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Ethnohistory (2018) 65 (4): 690–691.
Published: 01 October 2018
...Andrew Laird Idea of a New General History of North America: An Account of Colonial Native Mexico . By Lorenzo Boturini Benaduci . Edited and translated by Stafford Poole . ( Norman : University of Oklahoma Press , 2015 . xv+288 pp., foreword, introduction, text, bibliography, index...
Ethnohistory (2021) 68 (3): 429–448.
Published: 01 July 2021
... the Revolutionary period. 3 Utilizing gender as a lens to understand the political decisions of Cherokee men in the Revolutionary era expands on explorations of generational discord between Cherokee men, the cultural underpinnings of masculine expectations, and efforts to maintain balance and harmony in Cherokee...
Ethnohistory (2014) 61 (2): 385–387.
Published: 01 April 2014
...Frank Salomon Vertical Empire: The General Resettlement of Indians in the Colonial Andes . By Mumford Jeremy Ravi . ( Durham, NC : Duke University Press , 2012 . xii + 293 pp., acknowledgments, introduction, appendix, notes, glossary, bibliography, index . $89.95 cloth, $24.95...
Ethnohistory (2017) 64 (2): 314–315.
Published: 01 April 2017
...Adriana Zavala Portrait of a Young Painter: Pepe Zúñiga and Mexico City’s Rebel Generation . By Vaughan Mary Kay . ( Durham, NC : Duke University Press , 2015 . xiii+304 pp., acknowledgments, introduction, 52 illustrations, notes, bibliography, index . $89.95 cloth, $24.95 paper...
Ethnohistory (2013) 60 (3): 363–384.
Published: 01 July 2013
... allows the author to examine the social structure of the new creole class and to note that there was a high degree of social stratification within the estate. Copyright 2013 by American Society for Ethnohistory 2013 “A Class of People Admitted to the Better Ranks”: The First Generation of Creoles...
Ethnohistory (2010) 57 (3): 483–484.
Published: 01 July 2010
.... Second, they emphasize that the recon- figurations the contributors undertake will change the ways we think about native North America. Are they successful? The comparative approach taken by about half of the contributors works well. In general, the authors compare an American...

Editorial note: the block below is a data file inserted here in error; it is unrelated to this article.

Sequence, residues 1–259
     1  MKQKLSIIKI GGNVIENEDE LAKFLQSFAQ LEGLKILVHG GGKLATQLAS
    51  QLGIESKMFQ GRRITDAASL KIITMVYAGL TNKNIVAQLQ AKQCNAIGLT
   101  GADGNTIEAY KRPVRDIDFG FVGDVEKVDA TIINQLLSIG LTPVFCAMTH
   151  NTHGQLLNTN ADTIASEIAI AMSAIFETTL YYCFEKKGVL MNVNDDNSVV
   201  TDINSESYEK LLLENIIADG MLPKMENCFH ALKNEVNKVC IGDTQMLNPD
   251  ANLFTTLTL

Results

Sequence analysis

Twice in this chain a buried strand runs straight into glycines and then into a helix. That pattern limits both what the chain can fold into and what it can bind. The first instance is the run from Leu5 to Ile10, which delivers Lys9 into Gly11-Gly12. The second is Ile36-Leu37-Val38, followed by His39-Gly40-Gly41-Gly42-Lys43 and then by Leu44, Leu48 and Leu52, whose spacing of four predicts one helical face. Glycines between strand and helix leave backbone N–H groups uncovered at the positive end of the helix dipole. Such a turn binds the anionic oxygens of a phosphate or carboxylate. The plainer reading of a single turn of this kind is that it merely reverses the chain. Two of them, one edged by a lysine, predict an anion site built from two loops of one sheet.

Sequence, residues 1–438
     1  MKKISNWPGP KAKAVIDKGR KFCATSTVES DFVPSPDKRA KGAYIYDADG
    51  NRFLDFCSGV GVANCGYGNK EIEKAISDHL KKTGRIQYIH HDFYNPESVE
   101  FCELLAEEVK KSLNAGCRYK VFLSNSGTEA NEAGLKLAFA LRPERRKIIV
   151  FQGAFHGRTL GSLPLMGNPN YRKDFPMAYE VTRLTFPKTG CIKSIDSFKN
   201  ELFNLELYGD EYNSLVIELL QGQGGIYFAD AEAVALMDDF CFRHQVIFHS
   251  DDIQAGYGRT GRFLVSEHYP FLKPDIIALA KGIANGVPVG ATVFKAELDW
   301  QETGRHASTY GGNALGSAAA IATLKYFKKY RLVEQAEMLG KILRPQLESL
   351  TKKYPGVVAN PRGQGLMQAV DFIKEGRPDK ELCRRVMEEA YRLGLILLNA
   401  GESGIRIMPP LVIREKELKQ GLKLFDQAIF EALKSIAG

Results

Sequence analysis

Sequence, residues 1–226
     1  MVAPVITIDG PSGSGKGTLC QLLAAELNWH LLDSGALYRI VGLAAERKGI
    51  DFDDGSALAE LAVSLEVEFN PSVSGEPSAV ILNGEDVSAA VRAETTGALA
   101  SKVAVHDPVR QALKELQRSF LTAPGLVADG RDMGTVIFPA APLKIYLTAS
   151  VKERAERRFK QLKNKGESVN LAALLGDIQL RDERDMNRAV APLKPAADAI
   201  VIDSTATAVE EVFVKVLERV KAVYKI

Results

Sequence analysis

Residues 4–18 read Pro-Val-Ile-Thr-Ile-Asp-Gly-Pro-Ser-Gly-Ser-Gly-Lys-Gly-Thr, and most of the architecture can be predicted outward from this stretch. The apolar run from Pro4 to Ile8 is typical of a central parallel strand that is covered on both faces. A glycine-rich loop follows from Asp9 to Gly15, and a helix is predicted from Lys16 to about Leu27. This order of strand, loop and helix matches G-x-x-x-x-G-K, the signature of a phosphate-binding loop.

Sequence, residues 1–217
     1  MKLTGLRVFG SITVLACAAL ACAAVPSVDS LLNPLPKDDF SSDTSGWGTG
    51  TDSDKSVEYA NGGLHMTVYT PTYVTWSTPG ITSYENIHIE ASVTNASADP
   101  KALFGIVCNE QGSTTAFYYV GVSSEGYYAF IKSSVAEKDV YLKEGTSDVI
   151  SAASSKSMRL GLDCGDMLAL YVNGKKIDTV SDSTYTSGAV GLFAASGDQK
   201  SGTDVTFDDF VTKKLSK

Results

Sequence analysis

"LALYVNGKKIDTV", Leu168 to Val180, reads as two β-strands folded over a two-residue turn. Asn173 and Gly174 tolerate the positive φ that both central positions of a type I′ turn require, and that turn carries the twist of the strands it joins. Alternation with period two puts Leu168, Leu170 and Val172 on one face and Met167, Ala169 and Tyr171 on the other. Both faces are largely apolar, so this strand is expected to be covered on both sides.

Published: 01 April 2021
Figure 1. Map of transcription locations. Note: Generated using the ggmap package in R (Kahle and Wickham 2013 ). Figure 1. Map of transcription locations. Note: Generated using the ggmap package in R (Kahle and Wickham 2013). More
Ethnohistory (2009) 56 (4): 569–588.
Published: 01 October 2009
...Frederic Hicks On the eve of the Spanish conquest, and in the decades immediately thereafter, the indigenous population of Tlaxcala, in the Valley of Puebla, east of the Basin of Mexico, was grouped into four kingdoms ( tlahtocayotl or altepetl , generally called cabeceras in Spanish) of pre...
Ethnohistory (2001) 48 (4): 613–654.
Published: 01 October 2001
...Hjorleifur Jonsson This article reexamines accounts of Mien (Yao) ethnic minority populations in northern Thailand, in particular generalizations about social structure in terms of household formations. Two ethnographic accounts from the same province of Thailand during the 1960s suggest opposite...
Ethnohistory (2005) 52 (4): 727–787.
Published: 01 October 2005
...Marshall Joseph Becker The English term matchcoat derives from an Algonquian root word relating to clothing or dress in general. During the seventeenth century matchcoat came to refer to European-made units of woolen cloth,generally about two meters (a “fathom”) long, that were traded to natives...
Ethnohistory (2012) 59 (3): 515–540.
Published: 01 July 2012